Now you know the three basic parts of the United States federal government. There is, of course, a lot more we can talk about. It is important to note that, while we have been focusing on our national government, the government structure of most of the 50 states in the U.S. is a very similar structure to the national government’s structure. There are three branches – executive, legislative, and judicial. The head of the executive branch is called the “governor” instead of the “president.” There is a state Supreme Court, and there are (usually) two legislative “bodies” or groups, a state House of Representatives and a Senate. There is one state that has only one “house” or group of representatives in its legislative branch, and that would be the state of Nebraska, in the middle, central part of the U.S.
Now let’s answer some of the questions you have sent to us.
Our first question comes from Hiro (Hiro) in Japan. Hiro wants to know the meaning of the expression “sneak preview.” The word “sneak” (sneak) means to move very quietly and secretly or to do something in secret or without someone giving you permission. For example, “I’m going to sneak into the movie” means I’m going to go in and watch the movie without paying – I’m going to go through the back door or something. That would be “sneaking in.” And a “preview” (preview) is when you look at something before it is officially ready, or ready for the average person to see.
A “sneak preview” is when a movie company decides to show a movie before the movie’s “general release,” or before it shows the movie in all the theaters. For example, if there is a movie scheduled to open on the weekend but the theater decides to show it on one night before the weekend, we would call that a “sneak preview.” Movie companies and movie theaters sometimes have these sneak previews a day or maybe two or three days before the movie is officially released, sometimes to get people talking about the movie (in a good way, they hope). So, a “sneak preview” is sort of like a secret or special preview.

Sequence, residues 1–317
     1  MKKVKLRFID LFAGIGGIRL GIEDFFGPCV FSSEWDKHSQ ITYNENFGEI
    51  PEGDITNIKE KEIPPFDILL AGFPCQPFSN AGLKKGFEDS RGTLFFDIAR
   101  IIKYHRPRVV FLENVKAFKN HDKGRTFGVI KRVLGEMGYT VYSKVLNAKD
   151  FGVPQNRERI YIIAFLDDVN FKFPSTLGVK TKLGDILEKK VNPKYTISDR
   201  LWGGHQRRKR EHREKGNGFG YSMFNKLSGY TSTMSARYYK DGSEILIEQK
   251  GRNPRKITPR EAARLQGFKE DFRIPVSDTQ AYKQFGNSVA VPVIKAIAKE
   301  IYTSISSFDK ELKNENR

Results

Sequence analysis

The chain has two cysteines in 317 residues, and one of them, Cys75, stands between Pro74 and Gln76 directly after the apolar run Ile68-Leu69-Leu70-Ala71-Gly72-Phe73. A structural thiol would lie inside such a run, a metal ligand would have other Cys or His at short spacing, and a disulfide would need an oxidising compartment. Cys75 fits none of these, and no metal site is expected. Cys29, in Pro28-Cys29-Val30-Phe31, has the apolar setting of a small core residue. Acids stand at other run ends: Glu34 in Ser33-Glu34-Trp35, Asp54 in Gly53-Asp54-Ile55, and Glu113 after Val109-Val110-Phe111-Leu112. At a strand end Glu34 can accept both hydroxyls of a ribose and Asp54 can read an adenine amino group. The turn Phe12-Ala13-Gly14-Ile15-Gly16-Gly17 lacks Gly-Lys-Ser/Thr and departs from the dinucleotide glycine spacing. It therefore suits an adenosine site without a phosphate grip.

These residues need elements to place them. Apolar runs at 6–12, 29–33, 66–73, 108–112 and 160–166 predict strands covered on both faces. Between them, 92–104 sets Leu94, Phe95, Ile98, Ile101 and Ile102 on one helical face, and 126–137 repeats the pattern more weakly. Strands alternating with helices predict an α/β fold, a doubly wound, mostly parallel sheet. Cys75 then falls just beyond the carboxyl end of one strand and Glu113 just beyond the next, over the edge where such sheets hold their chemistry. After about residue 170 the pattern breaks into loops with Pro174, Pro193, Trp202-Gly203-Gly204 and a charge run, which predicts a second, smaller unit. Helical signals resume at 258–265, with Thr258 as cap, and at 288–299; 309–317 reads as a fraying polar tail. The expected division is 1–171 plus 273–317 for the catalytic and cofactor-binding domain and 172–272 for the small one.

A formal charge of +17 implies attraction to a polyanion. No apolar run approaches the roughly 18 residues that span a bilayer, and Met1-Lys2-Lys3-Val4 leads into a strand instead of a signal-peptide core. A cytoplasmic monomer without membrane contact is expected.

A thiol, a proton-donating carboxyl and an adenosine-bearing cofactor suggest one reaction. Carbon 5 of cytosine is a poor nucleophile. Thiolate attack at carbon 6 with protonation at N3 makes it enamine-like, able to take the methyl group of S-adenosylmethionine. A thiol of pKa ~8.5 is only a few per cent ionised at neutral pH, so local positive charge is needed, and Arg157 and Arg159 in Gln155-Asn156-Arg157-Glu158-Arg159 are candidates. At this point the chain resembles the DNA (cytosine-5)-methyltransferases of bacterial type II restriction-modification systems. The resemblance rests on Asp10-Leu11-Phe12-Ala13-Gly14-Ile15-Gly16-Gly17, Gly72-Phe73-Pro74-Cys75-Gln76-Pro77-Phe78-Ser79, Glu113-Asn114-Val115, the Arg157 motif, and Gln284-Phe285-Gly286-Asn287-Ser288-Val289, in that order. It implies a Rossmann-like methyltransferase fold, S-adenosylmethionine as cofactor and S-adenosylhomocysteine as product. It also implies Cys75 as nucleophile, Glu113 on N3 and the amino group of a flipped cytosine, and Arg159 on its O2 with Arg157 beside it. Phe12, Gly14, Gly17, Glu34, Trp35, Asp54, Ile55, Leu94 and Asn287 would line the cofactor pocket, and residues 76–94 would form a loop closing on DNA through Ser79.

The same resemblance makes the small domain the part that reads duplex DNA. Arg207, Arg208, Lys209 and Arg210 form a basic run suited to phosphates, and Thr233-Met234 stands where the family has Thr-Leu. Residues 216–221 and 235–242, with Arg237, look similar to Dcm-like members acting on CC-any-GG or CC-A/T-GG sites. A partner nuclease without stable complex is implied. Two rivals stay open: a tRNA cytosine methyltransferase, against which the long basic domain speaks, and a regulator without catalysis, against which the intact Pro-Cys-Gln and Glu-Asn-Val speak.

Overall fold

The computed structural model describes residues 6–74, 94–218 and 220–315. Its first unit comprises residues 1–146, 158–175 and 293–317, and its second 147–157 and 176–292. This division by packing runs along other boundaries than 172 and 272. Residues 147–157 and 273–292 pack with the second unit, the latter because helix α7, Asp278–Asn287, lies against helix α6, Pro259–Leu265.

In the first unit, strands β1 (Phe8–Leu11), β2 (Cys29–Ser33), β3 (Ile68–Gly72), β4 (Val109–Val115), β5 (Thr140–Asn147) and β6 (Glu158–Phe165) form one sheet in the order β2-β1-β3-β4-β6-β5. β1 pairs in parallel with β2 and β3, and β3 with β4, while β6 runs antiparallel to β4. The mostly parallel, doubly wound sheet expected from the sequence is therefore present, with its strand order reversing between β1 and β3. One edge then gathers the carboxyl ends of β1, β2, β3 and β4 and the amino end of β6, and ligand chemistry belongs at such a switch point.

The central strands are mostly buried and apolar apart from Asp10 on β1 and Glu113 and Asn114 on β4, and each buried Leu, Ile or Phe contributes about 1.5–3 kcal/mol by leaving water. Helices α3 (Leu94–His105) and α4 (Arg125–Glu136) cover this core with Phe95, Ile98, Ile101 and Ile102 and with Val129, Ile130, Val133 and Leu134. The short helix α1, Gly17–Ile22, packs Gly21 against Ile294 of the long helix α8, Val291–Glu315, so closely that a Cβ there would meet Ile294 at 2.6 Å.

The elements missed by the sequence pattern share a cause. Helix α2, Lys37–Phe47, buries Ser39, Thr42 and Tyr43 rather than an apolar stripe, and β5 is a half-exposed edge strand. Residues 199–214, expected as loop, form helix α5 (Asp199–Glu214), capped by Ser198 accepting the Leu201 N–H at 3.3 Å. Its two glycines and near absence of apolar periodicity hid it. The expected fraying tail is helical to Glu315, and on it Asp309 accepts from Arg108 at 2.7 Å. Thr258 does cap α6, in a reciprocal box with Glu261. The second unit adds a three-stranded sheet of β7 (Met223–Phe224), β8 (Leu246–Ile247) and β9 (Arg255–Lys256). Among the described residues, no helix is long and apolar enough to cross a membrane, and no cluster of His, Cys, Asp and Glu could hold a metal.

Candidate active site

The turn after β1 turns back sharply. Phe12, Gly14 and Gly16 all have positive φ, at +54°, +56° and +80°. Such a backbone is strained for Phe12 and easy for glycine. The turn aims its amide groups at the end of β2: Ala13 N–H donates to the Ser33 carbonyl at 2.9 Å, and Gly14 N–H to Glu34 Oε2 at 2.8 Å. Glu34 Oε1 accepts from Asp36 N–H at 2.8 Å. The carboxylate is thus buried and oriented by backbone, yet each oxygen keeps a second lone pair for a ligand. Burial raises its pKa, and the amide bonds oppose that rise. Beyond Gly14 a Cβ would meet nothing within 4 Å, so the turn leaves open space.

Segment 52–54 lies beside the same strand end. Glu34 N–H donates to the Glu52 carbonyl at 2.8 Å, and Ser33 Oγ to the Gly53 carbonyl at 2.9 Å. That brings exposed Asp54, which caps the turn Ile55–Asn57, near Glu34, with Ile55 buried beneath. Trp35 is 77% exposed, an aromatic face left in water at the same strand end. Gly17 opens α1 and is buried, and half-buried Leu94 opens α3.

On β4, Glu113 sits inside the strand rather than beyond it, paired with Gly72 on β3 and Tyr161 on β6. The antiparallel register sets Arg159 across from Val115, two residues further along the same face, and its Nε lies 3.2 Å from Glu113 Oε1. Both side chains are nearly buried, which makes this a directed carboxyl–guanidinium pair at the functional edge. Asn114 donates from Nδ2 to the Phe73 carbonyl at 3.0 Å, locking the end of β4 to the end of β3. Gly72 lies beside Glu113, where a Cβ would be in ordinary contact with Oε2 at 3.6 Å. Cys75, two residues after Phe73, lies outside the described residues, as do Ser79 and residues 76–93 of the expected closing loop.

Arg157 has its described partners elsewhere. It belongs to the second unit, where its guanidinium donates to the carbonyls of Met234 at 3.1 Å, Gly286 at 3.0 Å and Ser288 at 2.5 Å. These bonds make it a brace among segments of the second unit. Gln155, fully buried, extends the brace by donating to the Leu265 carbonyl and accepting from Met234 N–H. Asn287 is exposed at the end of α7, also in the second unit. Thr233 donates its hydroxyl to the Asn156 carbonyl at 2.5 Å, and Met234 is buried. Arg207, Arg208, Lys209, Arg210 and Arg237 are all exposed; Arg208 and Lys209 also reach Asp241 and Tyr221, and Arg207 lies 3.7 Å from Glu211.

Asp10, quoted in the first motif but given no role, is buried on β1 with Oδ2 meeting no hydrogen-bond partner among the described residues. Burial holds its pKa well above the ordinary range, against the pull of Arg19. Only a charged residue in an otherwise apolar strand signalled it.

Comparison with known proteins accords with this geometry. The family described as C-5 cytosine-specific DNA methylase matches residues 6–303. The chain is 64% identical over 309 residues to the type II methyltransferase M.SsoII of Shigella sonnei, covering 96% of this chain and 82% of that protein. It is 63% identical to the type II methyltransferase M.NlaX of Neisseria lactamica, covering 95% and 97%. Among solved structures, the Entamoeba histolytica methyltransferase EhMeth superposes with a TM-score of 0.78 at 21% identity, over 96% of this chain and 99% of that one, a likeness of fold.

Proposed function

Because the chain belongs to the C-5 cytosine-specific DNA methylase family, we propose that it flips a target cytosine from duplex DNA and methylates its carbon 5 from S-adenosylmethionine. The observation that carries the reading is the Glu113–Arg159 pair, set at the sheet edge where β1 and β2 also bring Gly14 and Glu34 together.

Our next question comes from the other side of the world, from Lauren (Lauren) in France. Lauren has a question about when to use the words “this” and “that,” and also “those” and “these.” These four words can be used in many different ways, but generally speaking, they are used as adjectives when they come before a noun and as pronouns when there is no noun.
The word “this” is used to indicate something that is close to you, either physically or in time. If you say “this pen,” you mean the pen that is right next to you or that you are holding. The word “that” is used for something that is a little farther away from you. “I am holding this pen, and I also have that pen over on the other side of the room.” “This” and “that” are both singular adjectives, used with singular nouns (when there is only one “thing”).
The plural forms of these adjectives are “these” and “those.” “These” is the plural of “this,” and is used when you have more than one “thing.” So, you can say, “I am holding these pens” or “I am going to buy these books.” We use “these” because there is more than one pen and more than one book.
The plural of “that” is “those,” so you might refer to “those people standing over there” or “those books on the table next to the door.” These are some of the uses of “this,” “that,” “these,” and “those.”